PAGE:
Court finds fashion event employed 129 children illegally
Wednesday, 2 September 2020
The Melbourne Magistrates Court found today that 129 children were employed illegally by the organiser of a children’s fashion event. The organiser of the event was fined $2,000 and escaped a conviction only as a result of pleading guilty to offences under the Child Employment Act 2003.
Ms Elissa Thomas of Event Theatre produced the ‘Run: Kids Fashion Runway’ event in March 2018 as part of the Virgin Australia Melbourne Fashion Festival Offsite Runway Program.
Wage Inspectorate Victoria investigated the event, which employed more than 150 children as fashion runway models. It discovered that Ms Thomas did not seek or obtain appropriate permits for 129 of the children.
In Victoria, the employment of a child under 15 without a permit is a criminal offence under the Child Employment Act 2003. In March 2018, this offence attracted a penalty of up to $ 9,514.20 per offence for individuals and up to $15,857 per offence for a body corporate.
The Inspectorate believed Ms Thomas was aware of the need to apply for permits, because she had done so in previous instances, so she had acted willfully by employing the children illegally.
Ms Thomas also pleaded guilty to failing to fully comply with a statutory Notice to Produce Documents issued by the Wage Inspectorate under s.44 of the Child Employment Act 2003. Magistrate Hawkins in the Melbourne Magistrates Court today noted the difficulties experienced by agencies when proceeding with prosecutions, which is why the Act includes powers to request records.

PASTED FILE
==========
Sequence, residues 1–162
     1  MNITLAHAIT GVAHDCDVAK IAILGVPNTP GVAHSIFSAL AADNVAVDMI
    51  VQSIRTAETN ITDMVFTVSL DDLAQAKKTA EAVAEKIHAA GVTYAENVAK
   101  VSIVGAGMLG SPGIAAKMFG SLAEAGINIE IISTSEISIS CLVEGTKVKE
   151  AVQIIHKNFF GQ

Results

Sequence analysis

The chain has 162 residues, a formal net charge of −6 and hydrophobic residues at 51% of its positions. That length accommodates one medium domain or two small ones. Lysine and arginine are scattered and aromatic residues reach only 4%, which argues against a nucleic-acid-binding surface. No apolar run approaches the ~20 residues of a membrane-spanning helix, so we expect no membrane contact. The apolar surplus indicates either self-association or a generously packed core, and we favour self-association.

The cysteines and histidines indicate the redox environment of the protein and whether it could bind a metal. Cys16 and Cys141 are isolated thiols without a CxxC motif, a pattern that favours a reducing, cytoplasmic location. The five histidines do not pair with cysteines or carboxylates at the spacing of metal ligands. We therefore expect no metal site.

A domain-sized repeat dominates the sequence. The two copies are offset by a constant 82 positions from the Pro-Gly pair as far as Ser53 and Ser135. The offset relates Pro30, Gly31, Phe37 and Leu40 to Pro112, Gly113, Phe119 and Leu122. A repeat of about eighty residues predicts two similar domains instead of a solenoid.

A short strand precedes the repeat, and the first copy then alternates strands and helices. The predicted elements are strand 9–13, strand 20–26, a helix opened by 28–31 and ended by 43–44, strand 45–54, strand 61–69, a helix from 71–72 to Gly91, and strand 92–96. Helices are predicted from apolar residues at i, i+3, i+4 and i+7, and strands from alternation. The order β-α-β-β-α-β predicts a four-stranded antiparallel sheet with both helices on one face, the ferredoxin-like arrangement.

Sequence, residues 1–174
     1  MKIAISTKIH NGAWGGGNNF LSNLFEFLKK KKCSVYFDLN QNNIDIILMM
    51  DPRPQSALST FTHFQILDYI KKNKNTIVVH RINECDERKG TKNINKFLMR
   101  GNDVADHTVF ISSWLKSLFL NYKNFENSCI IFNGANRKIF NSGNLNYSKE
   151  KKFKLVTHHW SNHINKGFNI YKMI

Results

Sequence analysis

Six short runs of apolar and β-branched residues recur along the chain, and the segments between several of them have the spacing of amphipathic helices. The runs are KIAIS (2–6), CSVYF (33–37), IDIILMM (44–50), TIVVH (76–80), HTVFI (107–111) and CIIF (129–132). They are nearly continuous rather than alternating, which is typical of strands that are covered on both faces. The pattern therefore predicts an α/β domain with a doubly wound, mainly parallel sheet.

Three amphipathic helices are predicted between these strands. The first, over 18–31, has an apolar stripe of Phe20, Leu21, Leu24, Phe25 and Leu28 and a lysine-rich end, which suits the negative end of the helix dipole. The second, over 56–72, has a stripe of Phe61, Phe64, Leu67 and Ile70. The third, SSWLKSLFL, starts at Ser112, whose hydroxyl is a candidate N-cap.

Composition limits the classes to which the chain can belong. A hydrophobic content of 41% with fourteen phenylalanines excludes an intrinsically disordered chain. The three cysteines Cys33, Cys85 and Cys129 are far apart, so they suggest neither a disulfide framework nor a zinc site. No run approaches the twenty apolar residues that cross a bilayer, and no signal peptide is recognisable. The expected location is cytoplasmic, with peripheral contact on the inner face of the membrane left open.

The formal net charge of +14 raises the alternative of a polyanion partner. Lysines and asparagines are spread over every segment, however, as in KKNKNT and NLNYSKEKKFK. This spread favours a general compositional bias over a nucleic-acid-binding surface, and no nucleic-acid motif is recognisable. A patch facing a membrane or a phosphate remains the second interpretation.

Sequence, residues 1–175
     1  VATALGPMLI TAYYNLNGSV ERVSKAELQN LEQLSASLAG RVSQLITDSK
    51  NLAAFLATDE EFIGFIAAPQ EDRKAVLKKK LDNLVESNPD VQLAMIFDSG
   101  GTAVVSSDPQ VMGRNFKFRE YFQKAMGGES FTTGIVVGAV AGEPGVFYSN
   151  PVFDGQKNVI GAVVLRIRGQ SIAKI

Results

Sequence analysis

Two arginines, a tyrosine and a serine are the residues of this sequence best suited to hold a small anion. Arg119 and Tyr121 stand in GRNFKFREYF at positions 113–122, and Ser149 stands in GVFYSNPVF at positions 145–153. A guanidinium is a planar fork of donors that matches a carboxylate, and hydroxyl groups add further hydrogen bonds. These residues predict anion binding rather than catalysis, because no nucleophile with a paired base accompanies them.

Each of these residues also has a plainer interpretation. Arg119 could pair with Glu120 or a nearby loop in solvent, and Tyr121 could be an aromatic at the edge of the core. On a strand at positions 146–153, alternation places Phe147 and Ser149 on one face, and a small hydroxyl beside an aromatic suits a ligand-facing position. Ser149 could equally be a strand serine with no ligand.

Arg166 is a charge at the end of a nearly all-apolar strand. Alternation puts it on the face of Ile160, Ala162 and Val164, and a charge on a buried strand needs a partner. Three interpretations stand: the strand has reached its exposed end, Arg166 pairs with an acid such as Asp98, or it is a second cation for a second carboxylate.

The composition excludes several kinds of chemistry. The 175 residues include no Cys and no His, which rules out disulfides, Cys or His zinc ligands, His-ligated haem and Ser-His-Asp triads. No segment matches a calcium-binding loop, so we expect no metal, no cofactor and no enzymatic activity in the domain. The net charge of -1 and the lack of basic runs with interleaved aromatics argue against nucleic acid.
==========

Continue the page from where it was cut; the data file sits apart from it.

Working in the entertainment industry can be a positive experience for children, but safeguards are needed to ensure a child’s safety and wellbeing. Child Employment Permits are unique to Victoria, and help ensure that requirements regarding breaks, hours of work, education, toilet and change facilities, supervision, and appropriate content are met.
Magistrate Hawkins referred to the protective nature of the legislation, and said these were serious matters. Ms Thomas was responsible for the welfare of those children and ‘being busy’ cannot allow for the protection of children to go by the wayside.
Wage Inspectorate Victoria enforces Victorian employment laws covering child employment, long service leave, and independent contractors in the transport and forestry sectors. Under the recently passed Wage Theft Act 2020, the Inspectorate will also investigate and prosecute wage theft cases.
Reviewed 24 September 2020